Norpar 12 n-Paraffins, mostly C
10
-C
13
64771-72-8 m.w. 161 3.2 + 1.1 + 0.28 + ne
Norpar 13 n-Paraffins, mostly C
13
-C
14
64771-72-8 m.w. 189 2.7 + 1.0 + 0.3 + ne
Octamethylcyclotetrasiloxane 556-67-2 C
8
H
24
O
4
Si
4
0.21 + 0.17 + 0.14 + ne
Octamethyltrisiloxane 107-51-7 C
8
H
24
O
2
Si
3
0.23 + 0.18 + 0.17 + <10.0 ne
Octane, n- 111-65-9 C
8
H
18
13 + 1.8 + 9.82 300
Octene, 1- 111-66-0 C
8
H
16
0.9 + 0.75 + 0.4 + 9.43 75
Pentane 109-66-0 C
5
H
12
80 + 8.4 + 0.7 + 10.35 600
Peracetic acid * Peroxyacetic acid, Acetyl
hydroperoxide
79-21-0 C
2
H
4
O
3
NR + NR + 2.3 + ne
Peracetic/Acetic acid mix * Peroxyacetic acid, Acetyl
hydroperoxide
79-21-0 C
2
H
4
O
3
50 + 2.5 + ne
Perchloroethene PCE, Perchloroethylene,
Tetrachloroethylene
127-18-4 C
2
Cl
4
0.69 + 0.57 + 0.31 + 9.32 25
PGME Propylene glycol methyl ether, 1-
Methoxy-2-propanol
107-98-2 C
6
H
12
O
3
2.4 + 1.5 + 1.1 + 100


Technical Note TN-106
Revised 08/2010
10
RAE Systems Inc.
3775 N. First St., San Jose, CA 95134-1708 USA
Phone: +1.888.723.8823
Email: raesales@raesystems.com
Web Site: www.raesystems.com
Compound Name Synonym/Abbreviation CAS No. Formula 9.8 C 10.6 C 11.7 C IE (eV) TWA
PGMEA Propylene glycol methyl ether
acetate, 1-Methoxy-2-
acetoxypropane, 1-Methoxy-2-
propanol acetate
108-65-6 C
6
H
12
O
3
1.65 + 1.0 + 0.8 + ne
Phenol Hydroxybenzene 108-95-2 C
6
H
6
O 1.0 + 1.0 + 0.9 + 8.51 5
Phosgene Dichlorocarbonyl 75-44-5 CCl
2
O NR + NR + 8.5 + 11.2 0.1
Phosgene in Nitrogen Dichlorocarbonyl 75-44-5 CCl
2
O NR + NR + 6.8 + 11.2 0.1
Phosphine (coats lamp) 7803-51-2 PH
3
28 3.9 + 1.1 + 9.87 0.3
Photocopier Toner Isoparaffin mix 0.5 + 0.3 + ne
Picoline, 3- 3-Methylpyridine 108-99-6 C
6
H
7
N 0.9 9.04 ne
Pinene, - 2437-95-8 C
10
H
16
0.31 + 0.47 8.07 ne
Pinene, - 18172-67-3 C
10
H
16
0.38 + 0.37 + 0.37 + ~8 100
Piperylene, isomer mix 1,3-Pentadiene 504-60-9 C
5
H
8
0.76 + 0.69 + 0.64 + 8.6 100
Propane 74-98-6 C
3
H
8
NR + 1.8 + 10.95 2500
Propanol, n- Propyl alcohol 71-23-8 C
3
H
8
O 5 1.7 10.22 200
Propene Propylene 115-07-1 C
3
H
6
1.5 + 1.4 + 1.6 + 9.73 ne
Propionaldehyde Propanal 123-38-6 C
3
H
6
O 1.9 9.95 ne
Propyl acetate, n- 109-60-4 C
5
H
10
O
2
3.5 2.3 10.04 200
Propylamine, n- 1-Propylamine,
1-Aminopropane
107-10-8 C
3
H
9
N 1.1 + 1.1 + 0.9 + 8.78 ne
Propylene carbonate * 108-32-7 C
4
H
6
O
3
62 + 1 + 10.5 ne
Propylene glycol 1,2-Propanediol 57-55-6 C
3
H
8
O
2
18 5.5 + 1.6 + <10.2 ne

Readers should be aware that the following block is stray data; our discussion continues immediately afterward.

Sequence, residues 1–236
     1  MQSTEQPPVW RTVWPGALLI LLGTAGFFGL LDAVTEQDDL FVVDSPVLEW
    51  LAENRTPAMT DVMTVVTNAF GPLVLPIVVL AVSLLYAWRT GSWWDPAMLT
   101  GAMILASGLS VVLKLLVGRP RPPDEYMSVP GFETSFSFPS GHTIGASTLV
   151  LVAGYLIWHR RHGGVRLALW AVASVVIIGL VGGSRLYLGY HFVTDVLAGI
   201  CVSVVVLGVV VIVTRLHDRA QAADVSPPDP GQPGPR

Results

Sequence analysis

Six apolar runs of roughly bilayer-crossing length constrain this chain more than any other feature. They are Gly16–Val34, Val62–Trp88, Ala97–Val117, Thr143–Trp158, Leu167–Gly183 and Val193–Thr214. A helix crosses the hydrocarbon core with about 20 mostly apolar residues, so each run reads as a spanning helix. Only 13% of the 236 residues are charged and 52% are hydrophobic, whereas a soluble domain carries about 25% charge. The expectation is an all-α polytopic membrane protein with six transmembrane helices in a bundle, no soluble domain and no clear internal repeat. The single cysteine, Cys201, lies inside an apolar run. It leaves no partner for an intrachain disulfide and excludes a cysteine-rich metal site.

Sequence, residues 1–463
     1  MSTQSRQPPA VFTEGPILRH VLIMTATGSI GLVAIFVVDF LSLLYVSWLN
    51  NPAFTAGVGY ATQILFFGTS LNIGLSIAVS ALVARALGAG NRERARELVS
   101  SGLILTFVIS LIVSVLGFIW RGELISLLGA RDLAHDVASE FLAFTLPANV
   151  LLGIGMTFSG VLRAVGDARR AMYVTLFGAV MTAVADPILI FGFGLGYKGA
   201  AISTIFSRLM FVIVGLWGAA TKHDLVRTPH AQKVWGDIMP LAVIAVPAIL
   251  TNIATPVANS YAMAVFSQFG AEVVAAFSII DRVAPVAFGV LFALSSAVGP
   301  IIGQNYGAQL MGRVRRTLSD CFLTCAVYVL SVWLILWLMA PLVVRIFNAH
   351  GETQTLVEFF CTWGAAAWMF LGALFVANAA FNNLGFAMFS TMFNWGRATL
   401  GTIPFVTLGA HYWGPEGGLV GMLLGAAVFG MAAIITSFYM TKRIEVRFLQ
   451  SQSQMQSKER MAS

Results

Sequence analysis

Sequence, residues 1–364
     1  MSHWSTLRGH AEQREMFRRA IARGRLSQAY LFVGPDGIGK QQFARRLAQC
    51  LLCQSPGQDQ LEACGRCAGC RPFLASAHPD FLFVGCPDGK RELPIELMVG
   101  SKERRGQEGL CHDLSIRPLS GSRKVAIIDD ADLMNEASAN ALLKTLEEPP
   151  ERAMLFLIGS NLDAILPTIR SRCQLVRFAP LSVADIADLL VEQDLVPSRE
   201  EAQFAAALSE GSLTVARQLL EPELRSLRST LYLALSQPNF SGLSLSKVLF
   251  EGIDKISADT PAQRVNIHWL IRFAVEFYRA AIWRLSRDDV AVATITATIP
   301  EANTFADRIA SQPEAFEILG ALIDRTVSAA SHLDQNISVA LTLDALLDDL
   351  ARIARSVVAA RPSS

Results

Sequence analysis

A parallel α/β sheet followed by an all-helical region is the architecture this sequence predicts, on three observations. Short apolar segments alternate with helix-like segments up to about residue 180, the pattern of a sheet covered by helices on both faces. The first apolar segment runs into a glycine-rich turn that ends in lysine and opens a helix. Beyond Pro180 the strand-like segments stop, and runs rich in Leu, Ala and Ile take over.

Propylene glycol propyl ether 1-Propoxy-2-propanol 1569-01-3 C
6
H
14
O
2
1.3 + 1.0 + 1.6 + ne
Propylene oxide Methyloxirane 75-56-9
16088-62-3
15448-47-2
C
3
H
6
O ~240 6.6 + 2.9 + 10.22 20
Propyleneimine 2-Methylaziridine 75-55-8 C
3
H
7
N 1.5 + 1.3 + 1.0 + 9.0 2
Propyl mercaptan, 2- 2-Propanethiol, Isopropyl
mercaptan
75-33-2 C
3
H
8
S 0.64 + 0.66 + 9.15 ne
Pyridine 110-86-1 C
5
H
5
N 0.78 + 0.7 + 0.7 + 9.25 5
Pyrrolidine (coats lamp) Azacyclohexane 123-75-1 C
4
H
9
N 2.1 + 1.3 + 1.6 + ~8.0 ne
RR7300 (PGME/PGMEA) 70:30 PGME:PGMEA (1-
Methoxy-2-propanol:1-Methoxy-
2-acetoxypropane)
107-98-2 C
4
H
10
O
2
/
C
6
H
12
O
3

1.4 + 1.0 + ne
Sarin GB, Isopropyl
methylphosphonofluoridate
107-44-8
50642-23-4
C
4
H
10
FO
2
P ~3
Stoddard Solvent - see Mineral Spirits 8020-83-5
Styrene 100-42-5 C
8
H
8
0.45 + 0.40 + 0.4 + 8.43 20
Sulfur dioxide 7446-09-5 SO
2
NR NR + NR + 12.32 2
Sulfur hexafluoride 2551-62-4 SF
6
NR NR NR 15.3 1000
Sulfuryl fluoride Vikane 2699-79-8 SO
2
F
2
NR NR NR 13.0 5
Tabun * Ethyl N, N-
dimethylphosphoramidocyanidate
77-81-6 C
5
H
11
N
2
O
2
P 0.8 15ppt
Tetrachloroethane, 1,1,1,2- 630-20-6 C
2
H
2
Cl
4
1.3 ~11.1 ne
Tetrachloroethane, 1,1,2,2- 79-34-5 C
2
H
2
Cl
4
NR + NR + 0.60 + ~11.1 1
Tetrachlorosilane 10023-04-7 SiCl
4
NR NR 15 + 11.79 ne
Tetraethyl lead TEL 78-00-2 C
8
H
20
Pb 0.4 0.3 0.2 ~11.1 0.008
Tetraethyl orthosilicate Ethyl silicate, TEOS 78-10-4 C
8
H
20
O
4
Si 0.7 + 0.2 + ~9.8 10
Tetrafluoroethane, 1,1,1,2- HFC-134A 811-97-2 C
2
H
2
F
4
NR NR ne
Tetrafluoroethene TFE, Tetrafluoroethylene,
Perfluoroethylene
116-14-3 C
2
F
4
~15 10.12 ne
Tetrafluoromethane CFC-14, Carbon tetrafluoride 75-73-0 CF
4
NR + NR + >15.3 ne
Tetrahydrofuran THF 109-99-9 C
4
H
8
O 1.9 + 1.7 + 1.0 + 9.41 200
Tetramethyl orthosilicate Methyl silicate, TMOS 681-84-5 C
4
H
12
O
4